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I came across this today morning:

Was it that he wasn’t the only center of attention? That I was busy with my career? It didn’t seem to matter that I was doing it for our family. My efforts to connect with Rosalind not only failed but angered Archie, time away from him and all that.

Will the bold part be considered as an adjunct or a supplement. In my opinion it is a supplement, realised by a Noun Phrase. But what does it mean? A cause effect relationship?

Any other sentences like this?

I would appreciate if a grammatical analysis is presented here with good reference.

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With no answer so far. I will try to answer what I feel about it.

The bold part is a supplement. Semantically it gives reason. The bold part can be considered as a Verbless clause.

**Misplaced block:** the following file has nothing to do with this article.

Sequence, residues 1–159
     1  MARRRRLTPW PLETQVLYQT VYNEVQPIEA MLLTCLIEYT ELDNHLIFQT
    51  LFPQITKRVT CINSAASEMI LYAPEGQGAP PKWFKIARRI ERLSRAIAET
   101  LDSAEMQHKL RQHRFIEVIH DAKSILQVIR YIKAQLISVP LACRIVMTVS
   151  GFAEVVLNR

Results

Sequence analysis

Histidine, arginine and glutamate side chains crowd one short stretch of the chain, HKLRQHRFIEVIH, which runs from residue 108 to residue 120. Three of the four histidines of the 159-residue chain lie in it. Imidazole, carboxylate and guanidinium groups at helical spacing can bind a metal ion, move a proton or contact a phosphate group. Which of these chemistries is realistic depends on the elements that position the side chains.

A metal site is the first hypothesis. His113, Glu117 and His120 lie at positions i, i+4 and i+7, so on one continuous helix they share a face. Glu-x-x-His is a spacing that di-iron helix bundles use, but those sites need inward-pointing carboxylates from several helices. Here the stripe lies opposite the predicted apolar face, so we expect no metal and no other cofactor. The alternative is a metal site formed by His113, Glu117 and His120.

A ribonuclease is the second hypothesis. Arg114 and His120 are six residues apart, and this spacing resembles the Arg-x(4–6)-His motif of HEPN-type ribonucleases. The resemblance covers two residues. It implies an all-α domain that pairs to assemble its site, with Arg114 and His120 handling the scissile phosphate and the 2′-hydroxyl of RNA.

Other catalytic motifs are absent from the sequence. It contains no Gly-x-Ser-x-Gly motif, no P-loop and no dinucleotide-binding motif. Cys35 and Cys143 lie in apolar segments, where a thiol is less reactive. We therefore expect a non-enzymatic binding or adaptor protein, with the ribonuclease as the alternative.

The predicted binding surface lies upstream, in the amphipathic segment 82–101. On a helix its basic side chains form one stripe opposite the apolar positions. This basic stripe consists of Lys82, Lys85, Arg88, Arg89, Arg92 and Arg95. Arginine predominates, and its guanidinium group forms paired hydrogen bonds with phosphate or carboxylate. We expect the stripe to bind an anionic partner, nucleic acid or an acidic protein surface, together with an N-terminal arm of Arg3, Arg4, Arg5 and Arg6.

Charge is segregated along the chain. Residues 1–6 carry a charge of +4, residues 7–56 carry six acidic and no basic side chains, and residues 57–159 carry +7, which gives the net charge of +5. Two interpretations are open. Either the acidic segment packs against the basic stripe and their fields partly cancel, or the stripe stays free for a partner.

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"That I was busy with my career? It didn’t seem to matter that I was doing it for our family. My efforts to connect with Rosalind not only failed but angered Archie, [due to] time away from him and all that".

People just write like this.

This: time away from him and all that is not organically connected to the sentence via grammar. But it is something you hear in speech when providing an explanation to someone.

Another example:

  • He just didn't want to attend the weekend away, [due to] "time away from his children and all that".
  • They had been thinking about the problem for a while, [due to] issues with the family and all that.

I used due to but there are plenty of other ways to connect these phrases to the preceding clauses. "because of" would also work. In any event, it would not be a clause; it is just a phrase as there is no verb + predicate.

The only reference I have is my own sense of grammar.

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